Many companies and managers will use a phone interview to vet a prospective employee ahead of an actual in-person meeting. It’s very affective and saves everyone a lot of time.
This is particularly true of jobs in selling over the phone. In this instance, it is not merely an initial formality; it’s also a test that is used to gauge an individual’s phone presence.
It surprises me how often people flub this stage. My impression is that many interviewees see the phone call as a meaningless formality, mainly because they see it as a “call” and not an “interview”. But, make no mistake about it however chatty the banter may be, the pressure is on.
There are really only two rules for passing your phone interview:
- Never say anything that could come across as negative, controversial or offensive.
- Resist going into tangents or coming across as long-winded.
Nonetheless, many people do!
Here is a list of actual examples I have encountered over time, with comments:
- “…not to sound racist…”
Interpretation: Tactless and a bigot. If you’re not sophisticated enough to avoid discussing the most unenviable of all human character traits…then you’re not worth meeting.
- “…I left because I’m just tired of dealing with stupid and immature people…”
Interpretation: Negative and poorly expressed. This statement actually makes people think that there is something immature about you, and that you might just have trouble getting along with other people.
- “…I wouldn’t talk to secretaries because they’re just…ugh…”
Interpretation: Rude and poor charter. Don’t demean other people to the interviewer when trying to make your first impression. It signals tactlessness and bad character.
- “…It wouldn’t be very smart if you didn’t bring me in…”
Interpretation: Clueless and argumentative. If it’s gone badly, don’t try arguing with the interviewer. Just accept it, be thankful and move on.
- “…I’ll play it low key for a while, but then I want to take more charge of things…”
Interpretation: Unfocused and unmanageable. This is a way of communicating that you plan on becoming difficult to manage.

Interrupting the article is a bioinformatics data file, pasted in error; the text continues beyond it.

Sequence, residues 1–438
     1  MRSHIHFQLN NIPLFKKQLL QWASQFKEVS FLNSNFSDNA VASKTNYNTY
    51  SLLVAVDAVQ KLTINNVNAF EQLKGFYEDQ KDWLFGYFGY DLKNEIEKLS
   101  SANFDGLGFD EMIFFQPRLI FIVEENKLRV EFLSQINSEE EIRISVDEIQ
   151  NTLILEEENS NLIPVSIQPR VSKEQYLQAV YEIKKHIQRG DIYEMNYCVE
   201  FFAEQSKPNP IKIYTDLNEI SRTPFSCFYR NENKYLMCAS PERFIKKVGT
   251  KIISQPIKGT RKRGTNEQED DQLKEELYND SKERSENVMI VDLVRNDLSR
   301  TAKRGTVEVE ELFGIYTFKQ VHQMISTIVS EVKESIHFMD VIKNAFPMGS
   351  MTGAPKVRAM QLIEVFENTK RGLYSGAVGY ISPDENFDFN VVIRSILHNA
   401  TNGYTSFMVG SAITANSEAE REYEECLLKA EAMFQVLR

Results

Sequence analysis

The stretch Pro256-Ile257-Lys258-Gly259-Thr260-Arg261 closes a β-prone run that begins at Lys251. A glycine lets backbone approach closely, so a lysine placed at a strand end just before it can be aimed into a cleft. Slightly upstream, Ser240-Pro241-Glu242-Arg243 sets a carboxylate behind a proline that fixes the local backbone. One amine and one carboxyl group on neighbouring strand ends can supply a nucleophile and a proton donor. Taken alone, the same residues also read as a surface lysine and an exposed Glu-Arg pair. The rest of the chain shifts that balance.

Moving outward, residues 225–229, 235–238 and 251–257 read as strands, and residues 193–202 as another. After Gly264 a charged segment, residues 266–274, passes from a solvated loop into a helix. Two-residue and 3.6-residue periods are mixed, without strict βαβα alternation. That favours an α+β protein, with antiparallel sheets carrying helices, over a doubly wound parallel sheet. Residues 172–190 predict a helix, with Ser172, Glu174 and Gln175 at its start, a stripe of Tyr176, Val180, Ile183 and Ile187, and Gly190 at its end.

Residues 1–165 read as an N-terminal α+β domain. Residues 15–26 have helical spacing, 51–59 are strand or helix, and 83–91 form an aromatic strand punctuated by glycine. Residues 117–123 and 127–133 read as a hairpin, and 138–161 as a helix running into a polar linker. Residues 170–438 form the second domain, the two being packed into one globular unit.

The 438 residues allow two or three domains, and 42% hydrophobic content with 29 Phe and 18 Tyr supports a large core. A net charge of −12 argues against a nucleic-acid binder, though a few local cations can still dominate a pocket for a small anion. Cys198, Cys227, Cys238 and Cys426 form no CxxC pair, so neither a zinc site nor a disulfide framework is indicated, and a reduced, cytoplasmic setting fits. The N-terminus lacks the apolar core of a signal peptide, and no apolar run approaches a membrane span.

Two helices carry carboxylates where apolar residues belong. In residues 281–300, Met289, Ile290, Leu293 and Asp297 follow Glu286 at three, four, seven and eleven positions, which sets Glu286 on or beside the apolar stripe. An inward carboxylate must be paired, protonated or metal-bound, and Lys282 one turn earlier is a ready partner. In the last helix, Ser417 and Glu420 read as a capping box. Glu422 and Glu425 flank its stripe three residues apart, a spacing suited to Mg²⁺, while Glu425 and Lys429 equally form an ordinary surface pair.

- “…I’m the kind of person that likes to examine all the things that aren’t working in the business…and I’ll be vocal about it…”
Interpretation: Not dedicated and problematic. This signals that you’re difficult to manage, and lacks commitment to the job you’re being paid to do.
- “…if a manager doesn’t know more than me then it can be a problem…”
Interpretation: Tactless and unmanageable. Insubordinate, unfocused, un-trainable.
- “…well, I’m not very interested in the role, but I’ll hear what you have to say…”
Interpretation: Foolish. No reason to continue talking.
- “…I would be interested but the role has to be very high paying…”
Interpretation: Tactless. There is a place, time and way to say things. This isn’t it.
- “…I want to be involved in everything…sales, marketing…I want to be able to be involved in everything…”
Interpretation: Again, this raises a red flag as to your determination to succeed at the role we’re talking about.
Why would anyone say these things?
The real question actually is: This person is clearly wrong for us, why am I talking to this person to begin with?
I find that there are two reasons why:
1. The applicant has over inflated their experience (or level of professional sophistication) on their resume. Thus, they did a great job of getting themselves to that first stage, but couldn’t deliver when they got there.
Lesson for applicants: Make sure your resume is a clear reflection of who you are and what you know and not a document you use to convince people that you’re someone you’re not.
2. The interviewer hasn’t defined the exact profile they’re looking to hire clearly enough. So, when it comes to sorting through the resumes some of the less qualified people will automatically get through because you’re not clear enough about what you really want in a candidate.
Lesson for the interviewer: Know exactly who you want to hire! Define the profile you want with precision! Be exact about the skill-set you want and don’t compromise.
Ultimately, the success of the phone interview depends on both the interviewer and the interviewee. The level to which both take responsibility over who they are, what they’re looking for and what they want will determine the ultimate success of the endeavor.
But Applicants please remember, when you do get the call keep it simple!